Percy Sutton, the pioneering civil rights attorney who revitalized the famed Apollo Theater when the Harlem landmark's demise appeared imminent, has died. He was 89.

Marissa Shorenstein, a spokeswoman for Gov. David Paterson, confirmed that Sutton died Saturday. She did not know the cause. His daughter, Cheryl Sutton, declined to comment Saturday when reached by phone at her New York City home.

The son of a former slave, Percy Sutton became a fixture on 125th Street in Harlem after moving to New York City following his service with the famed Tuskegee Airmen in World War II. His Harlem law office, founded in 1953, represented Malcolm X and the slain activist's family for decades.

Sutton's devotion to Harlem and its people was rarely more evident than when he spent $250,000 to purchase the shuttered Apollo Theater in 1981. The Apollo turned 70 in 2004, a milestone that was unthinkable until Sutton stepped in to save the landmark.

"The Apollo and its staff stand on the shoulders of Mr. Sutton as the theater continues to flourish," said Jonelle Procope, president and CEO of Apollo Theater Foundation Inc. "(He) will be greatly missed and will always be an integral part of the Apollo legacy."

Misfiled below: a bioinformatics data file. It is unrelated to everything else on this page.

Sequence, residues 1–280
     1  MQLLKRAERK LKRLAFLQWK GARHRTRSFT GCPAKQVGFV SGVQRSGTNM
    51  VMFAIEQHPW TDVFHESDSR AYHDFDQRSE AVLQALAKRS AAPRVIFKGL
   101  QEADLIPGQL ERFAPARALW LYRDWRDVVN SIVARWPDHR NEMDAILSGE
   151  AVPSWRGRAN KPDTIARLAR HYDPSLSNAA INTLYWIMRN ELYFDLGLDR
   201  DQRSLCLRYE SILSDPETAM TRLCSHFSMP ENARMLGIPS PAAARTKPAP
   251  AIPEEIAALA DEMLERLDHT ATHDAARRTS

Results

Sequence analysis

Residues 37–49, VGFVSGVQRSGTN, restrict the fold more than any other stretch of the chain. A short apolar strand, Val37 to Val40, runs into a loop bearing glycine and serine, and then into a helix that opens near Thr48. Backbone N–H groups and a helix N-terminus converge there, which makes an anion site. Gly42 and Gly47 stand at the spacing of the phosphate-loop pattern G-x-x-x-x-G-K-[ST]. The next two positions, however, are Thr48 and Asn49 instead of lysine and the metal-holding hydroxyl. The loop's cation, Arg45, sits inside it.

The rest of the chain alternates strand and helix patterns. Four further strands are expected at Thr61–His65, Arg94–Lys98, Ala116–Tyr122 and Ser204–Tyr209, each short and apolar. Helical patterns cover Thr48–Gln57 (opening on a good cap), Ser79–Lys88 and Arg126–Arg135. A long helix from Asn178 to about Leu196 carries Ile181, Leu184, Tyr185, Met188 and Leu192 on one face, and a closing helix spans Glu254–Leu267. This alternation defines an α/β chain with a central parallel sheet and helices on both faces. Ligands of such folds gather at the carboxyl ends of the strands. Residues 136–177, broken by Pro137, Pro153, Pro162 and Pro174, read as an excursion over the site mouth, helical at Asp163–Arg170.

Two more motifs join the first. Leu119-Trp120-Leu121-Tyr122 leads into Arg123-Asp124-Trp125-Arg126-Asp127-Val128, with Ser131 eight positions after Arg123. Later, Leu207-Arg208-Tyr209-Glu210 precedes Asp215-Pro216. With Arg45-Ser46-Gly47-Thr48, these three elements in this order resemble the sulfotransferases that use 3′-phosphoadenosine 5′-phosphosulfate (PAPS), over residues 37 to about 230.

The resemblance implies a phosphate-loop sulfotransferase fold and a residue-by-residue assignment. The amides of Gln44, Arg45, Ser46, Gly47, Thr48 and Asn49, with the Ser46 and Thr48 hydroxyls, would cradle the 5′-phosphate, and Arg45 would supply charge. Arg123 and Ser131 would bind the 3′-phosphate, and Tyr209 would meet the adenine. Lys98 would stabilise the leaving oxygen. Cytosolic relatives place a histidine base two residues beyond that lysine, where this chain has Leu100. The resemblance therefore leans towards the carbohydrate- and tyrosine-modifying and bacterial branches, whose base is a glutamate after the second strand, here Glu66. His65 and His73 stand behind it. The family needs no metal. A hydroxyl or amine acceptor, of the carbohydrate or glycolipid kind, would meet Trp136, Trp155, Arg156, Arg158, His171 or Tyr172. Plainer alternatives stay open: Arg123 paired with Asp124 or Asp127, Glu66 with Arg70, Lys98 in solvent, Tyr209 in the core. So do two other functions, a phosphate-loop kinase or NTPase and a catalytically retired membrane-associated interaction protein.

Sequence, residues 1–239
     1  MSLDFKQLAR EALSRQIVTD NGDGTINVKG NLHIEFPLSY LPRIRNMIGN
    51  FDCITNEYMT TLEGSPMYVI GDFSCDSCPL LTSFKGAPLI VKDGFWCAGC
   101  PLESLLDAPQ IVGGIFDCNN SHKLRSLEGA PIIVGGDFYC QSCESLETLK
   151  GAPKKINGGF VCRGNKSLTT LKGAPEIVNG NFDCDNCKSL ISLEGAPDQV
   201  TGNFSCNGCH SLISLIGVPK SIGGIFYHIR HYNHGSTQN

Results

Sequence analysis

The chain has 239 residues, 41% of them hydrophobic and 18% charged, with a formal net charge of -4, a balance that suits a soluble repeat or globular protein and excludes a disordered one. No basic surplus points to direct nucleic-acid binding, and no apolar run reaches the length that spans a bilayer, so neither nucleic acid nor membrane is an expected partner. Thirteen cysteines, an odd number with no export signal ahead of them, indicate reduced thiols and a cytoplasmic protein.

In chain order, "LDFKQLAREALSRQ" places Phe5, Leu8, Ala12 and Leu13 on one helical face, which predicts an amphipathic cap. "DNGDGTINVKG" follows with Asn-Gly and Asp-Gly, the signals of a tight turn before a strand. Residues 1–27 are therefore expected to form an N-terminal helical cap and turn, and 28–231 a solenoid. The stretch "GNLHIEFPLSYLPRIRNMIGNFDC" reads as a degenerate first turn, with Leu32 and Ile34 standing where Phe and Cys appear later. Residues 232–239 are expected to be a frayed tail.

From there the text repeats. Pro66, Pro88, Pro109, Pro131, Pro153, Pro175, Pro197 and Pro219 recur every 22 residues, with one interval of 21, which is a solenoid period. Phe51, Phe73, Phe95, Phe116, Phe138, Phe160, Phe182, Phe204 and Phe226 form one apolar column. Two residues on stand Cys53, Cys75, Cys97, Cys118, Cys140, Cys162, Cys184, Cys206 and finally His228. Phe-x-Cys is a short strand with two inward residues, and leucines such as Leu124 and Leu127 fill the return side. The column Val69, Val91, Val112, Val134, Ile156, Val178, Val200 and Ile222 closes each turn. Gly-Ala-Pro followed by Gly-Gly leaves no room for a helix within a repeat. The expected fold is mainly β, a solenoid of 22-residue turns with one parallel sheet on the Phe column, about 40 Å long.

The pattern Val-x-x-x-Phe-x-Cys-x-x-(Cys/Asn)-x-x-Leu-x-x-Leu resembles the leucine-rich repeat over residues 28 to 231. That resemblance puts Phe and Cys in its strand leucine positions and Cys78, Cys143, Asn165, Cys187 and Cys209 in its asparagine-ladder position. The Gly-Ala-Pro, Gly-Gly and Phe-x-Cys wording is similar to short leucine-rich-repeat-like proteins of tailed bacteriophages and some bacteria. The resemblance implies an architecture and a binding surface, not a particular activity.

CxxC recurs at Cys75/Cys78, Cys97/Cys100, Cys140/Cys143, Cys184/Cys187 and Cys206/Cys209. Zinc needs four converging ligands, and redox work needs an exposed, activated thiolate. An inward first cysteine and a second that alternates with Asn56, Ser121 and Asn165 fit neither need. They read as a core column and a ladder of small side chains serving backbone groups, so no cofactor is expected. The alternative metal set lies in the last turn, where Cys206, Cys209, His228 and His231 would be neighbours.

Sutton made WLIB-AM the first black-owned radio station in New York City in 1971, when he purchased it with his brother Oliver. Sutton's Inner City Broadcasting Corp. eventually picked up WBLS-FM, which reigned for years as New York's top-rated radio station, before buying stations in Los Angeles, San Francisco, Detroit and San Antonio between 1978-85.

The consummate politician, Sutton served in the New York State Assembly before taking over as Manhattan borough president in 1966, becoming the highest-ranking black elected official in the state.

Two years later, Sutton announced a run for the U.S. Senate seat held by Jacob Javits, although he pulled out of the Democratic primary to back Paul O'Dwyer.

Sutton remained in his Manhattan job through 1977, the same year he launched a doomed campaign for mayor that ended with Edward I. Koch defeating six competitors for the Democratic nomination.

President Barack Obama called Sutton "a true hero" to African-Americans across the country.

"His life-long dedication to the fight for civil rights and his career as an entrepreneur and public servant made the rise of countless young African-Americans possible," Obama said in a statement.

Mayor Michael Bloomberg announced Sunday that flags on city buildings would be lowered in Sutton's honor.

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